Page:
New Eye Contact Research: Is 3.2 Seconds The Magic Number?
If you’ve ever been unsure about how long to maintain eye contact with members of your audience, you can be forgiven. As I’ve documented before, the advice about how long you should lock your gaze with a single audience member is all over the map. Here are a few of the pieces of advice you’ll find:
In You Are The Message, Roger Ailes writes: “As you move from small group to small group—or from individual to individual—in the audience, linger for a few seconds.”
On his website “Six Minutes,” public speaking blogger Andrew Dlugan recommends that speakers “Sustain eye contact with someone for a few seconds, then move on.”
In 100 Things Every Presenter Needs To Know About People, Susan Weinschenk gets slightly more specific: “Spend 2 to 3 seconds looking at one person, then move to another person.”
In Presentation Skills 201, William R. Steele agrees: “Look at someone just long enough that you both feel the connection (two or three seconds) and then move on.
Presentations That Persuade and Motivate, published by the Harvard Business Press, recommends doubling that time: “Make eye contact for five or six seconds with people in the front, left and right, and the back.”
In Speak With Confidence, Dianna Booher dispenses with that approach, advising speakers to focus not on seconds, but on sentences: “Delivering one or two sentences to each person establishes a bond of intimacy with individual listeners.”
Jerry Weissman’s The Power Presenter has similar advice, but recommends less time-per-person: “Deliver one phrase to that person. Pause. Move to another person and deliver one phrase to that person.”
Most of those pieces of advice, even with their differences, are variations on the same theme. And new research appears to verify the instincts of many of the writers cited above. The following excerpt comes from the January 2016 issue of Scientific American:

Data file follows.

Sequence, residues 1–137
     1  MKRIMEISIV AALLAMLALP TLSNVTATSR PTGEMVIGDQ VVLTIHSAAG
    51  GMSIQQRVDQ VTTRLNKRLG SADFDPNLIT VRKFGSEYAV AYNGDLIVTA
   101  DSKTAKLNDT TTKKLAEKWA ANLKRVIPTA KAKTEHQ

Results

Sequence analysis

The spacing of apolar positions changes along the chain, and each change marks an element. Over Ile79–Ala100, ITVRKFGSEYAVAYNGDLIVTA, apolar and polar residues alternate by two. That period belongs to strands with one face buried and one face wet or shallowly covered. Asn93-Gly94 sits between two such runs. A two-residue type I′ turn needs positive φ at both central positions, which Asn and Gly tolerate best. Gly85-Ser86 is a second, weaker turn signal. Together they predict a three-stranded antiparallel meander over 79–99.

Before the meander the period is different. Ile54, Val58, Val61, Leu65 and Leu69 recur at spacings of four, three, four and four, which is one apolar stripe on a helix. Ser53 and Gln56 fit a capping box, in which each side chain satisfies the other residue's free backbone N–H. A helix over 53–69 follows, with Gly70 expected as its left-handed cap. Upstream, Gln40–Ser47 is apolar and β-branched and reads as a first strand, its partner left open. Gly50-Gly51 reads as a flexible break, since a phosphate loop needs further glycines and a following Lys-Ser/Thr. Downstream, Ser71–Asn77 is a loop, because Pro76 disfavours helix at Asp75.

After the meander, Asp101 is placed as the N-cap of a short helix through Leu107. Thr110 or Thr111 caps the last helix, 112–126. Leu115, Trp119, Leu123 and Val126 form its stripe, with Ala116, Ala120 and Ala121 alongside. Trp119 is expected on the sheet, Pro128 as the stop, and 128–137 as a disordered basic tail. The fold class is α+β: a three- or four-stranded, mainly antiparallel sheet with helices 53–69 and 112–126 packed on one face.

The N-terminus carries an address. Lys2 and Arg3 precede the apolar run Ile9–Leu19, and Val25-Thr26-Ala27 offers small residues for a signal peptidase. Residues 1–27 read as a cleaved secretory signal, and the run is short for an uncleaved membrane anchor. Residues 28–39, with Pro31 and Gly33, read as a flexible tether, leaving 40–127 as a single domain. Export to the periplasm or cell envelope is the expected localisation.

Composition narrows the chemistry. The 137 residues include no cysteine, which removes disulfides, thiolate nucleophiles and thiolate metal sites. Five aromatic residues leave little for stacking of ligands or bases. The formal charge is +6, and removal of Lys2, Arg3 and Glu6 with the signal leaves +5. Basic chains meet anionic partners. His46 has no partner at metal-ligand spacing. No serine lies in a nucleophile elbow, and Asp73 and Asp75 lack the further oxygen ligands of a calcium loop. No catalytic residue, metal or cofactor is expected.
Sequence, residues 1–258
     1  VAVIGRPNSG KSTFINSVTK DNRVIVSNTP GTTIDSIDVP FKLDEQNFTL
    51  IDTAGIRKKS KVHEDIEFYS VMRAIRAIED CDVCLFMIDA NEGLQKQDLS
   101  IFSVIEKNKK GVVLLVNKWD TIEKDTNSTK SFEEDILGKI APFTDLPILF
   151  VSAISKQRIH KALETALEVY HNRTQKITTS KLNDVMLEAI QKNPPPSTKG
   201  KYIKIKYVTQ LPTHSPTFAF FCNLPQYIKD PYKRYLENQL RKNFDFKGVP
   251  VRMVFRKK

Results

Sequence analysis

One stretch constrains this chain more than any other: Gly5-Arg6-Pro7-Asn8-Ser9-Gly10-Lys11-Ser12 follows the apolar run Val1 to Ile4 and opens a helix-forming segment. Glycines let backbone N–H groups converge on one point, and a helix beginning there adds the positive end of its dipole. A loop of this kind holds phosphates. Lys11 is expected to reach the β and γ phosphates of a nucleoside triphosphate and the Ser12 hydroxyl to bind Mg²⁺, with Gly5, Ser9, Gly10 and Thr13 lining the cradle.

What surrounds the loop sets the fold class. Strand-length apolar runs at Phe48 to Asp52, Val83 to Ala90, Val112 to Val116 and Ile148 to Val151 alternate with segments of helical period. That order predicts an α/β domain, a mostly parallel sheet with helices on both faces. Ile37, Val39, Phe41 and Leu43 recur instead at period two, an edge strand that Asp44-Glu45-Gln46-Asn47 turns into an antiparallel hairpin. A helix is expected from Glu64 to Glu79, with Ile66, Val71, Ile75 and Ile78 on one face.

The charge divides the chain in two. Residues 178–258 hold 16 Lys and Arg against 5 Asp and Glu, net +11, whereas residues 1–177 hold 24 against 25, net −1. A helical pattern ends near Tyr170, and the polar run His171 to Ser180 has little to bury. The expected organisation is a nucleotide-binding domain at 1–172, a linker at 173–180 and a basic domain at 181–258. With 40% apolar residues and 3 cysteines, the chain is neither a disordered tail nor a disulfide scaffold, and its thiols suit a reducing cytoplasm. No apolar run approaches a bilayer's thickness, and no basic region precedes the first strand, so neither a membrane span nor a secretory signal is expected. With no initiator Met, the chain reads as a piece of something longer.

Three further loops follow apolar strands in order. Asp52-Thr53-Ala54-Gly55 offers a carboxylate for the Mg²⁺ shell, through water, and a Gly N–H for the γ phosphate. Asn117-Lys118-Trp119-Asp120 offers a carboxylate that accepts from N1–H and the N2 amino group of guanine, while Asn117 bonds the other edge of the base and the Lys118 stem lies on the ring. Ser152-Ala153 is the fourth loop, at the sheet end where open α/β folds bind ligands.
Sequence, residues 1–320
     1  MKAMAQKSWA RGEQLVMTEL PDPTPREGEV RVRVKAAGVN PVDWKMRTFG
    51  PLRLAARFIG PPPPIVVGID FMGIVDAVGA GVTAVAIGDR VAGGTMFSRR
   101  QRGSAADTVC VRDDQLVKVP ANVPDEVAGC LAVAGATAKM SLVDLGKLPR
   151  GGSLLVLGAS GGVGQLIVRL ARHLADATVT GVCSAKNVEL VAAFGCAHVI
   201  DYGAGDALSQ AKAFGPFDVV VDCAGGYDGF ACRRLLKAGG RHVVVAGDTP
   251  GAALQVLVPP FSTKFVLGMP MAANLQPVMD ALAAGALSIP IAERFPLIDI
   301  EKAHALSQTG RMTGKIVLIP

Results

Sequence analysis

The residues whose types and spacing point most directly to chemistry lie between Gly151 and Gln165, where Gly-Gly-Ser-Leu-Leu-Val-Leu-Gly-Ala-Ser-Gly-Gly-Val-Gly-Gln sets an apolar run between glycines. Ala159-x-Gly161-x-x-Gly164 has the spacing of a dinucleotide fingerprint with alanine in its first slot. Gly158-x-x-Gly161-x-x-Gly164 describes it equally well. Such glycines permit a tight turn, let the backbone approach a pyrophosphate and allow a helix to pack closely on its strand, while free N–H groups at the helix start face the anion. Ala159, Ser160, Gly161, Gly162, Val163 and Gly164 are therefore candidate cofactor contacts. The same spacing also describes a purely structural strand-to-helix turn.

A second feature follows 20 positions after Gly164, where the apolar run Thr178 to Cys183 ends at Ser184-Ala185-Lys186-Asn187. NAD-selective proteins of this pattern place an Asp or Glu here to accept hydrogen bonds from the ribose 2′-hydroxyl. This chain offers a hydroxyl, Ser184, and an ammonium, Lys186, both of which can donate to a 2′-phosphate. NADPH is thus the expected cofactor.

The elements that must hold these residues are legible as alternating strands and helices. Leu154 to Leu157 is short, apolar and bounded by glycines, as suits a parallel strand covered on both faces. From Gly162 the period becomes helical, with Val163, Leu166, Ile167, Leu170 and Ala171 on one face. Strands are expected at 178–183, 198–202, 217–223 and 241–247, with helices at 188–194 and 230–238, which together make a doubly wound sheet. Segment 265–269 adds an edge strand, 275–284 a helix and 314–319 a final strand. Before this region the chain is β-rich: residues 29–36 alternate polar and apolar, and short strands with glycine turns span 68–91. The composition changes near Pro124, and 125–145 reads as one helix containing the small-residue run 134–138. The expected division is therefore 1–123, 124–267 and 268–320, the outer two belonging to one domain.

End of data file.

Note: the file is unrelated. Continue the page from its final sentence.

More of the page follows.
“In research presented in May 2015 at the Vision Sciences Society conference, psychologist Alan Johnston and his colleagues at University College London collected information from more than 400 volunteers about their personalities. Then the subjects indicated their comfort level while watching video clips of actors who appeared to be looking directly at them for varying lengths of time.
Johnston and his colleagues found that, on average, the subjects liked the actors to make eye contact with them for 3.2 seconds.”
Watching a video isn’t the same as being looked at during a live presentation by the person in front of a room. In a live format, the entire audience can observe the speaker’s eyes on you, making you even more self-conscious than if a single person was looking at you through a screen—which, in any case, we’ve become accustomed to through newscasts and many other video formats.
Therefore, I remain skeptical of any single study—and would hesitate to offer prescriptive advice based upon it. My advice is usually pretty straightforward: if you’re speaking, you should be making eye contact with someone, not reflexively glancing at your notes or the screen. Most speakers usually strike a reasonable balance of how much time to gaze at one person before moving on.
If I seem somewhat dismissive of the specific recommendations above, it’s because I’ve seen the impact on speakers who try to employ them. Presenters focused on eye contact rules—Look at that man for 3, 2, 1, now shift to that woman for 3, 2, 1—use too much of their cognitive load on eye contact at the expense of other critical areas, such as the amount of energy they convey.
Before your next talk, set up a video camera or ask one of your colleagues to observe your eye contact. When watching yourself back or receiving feedback, the key questions to ask are whether: your eyes were on the page or the screen too much of the time; your eyes were darting so much as to not make meaningful connections; or you stared at individuals so long as to make them uncomfortable.
If you’re on the right side of those questions, you can probably put your focus elsewhere.
My new book, 101 Ways to Open a Speech, is now available at Amazon. You can read a free preview below.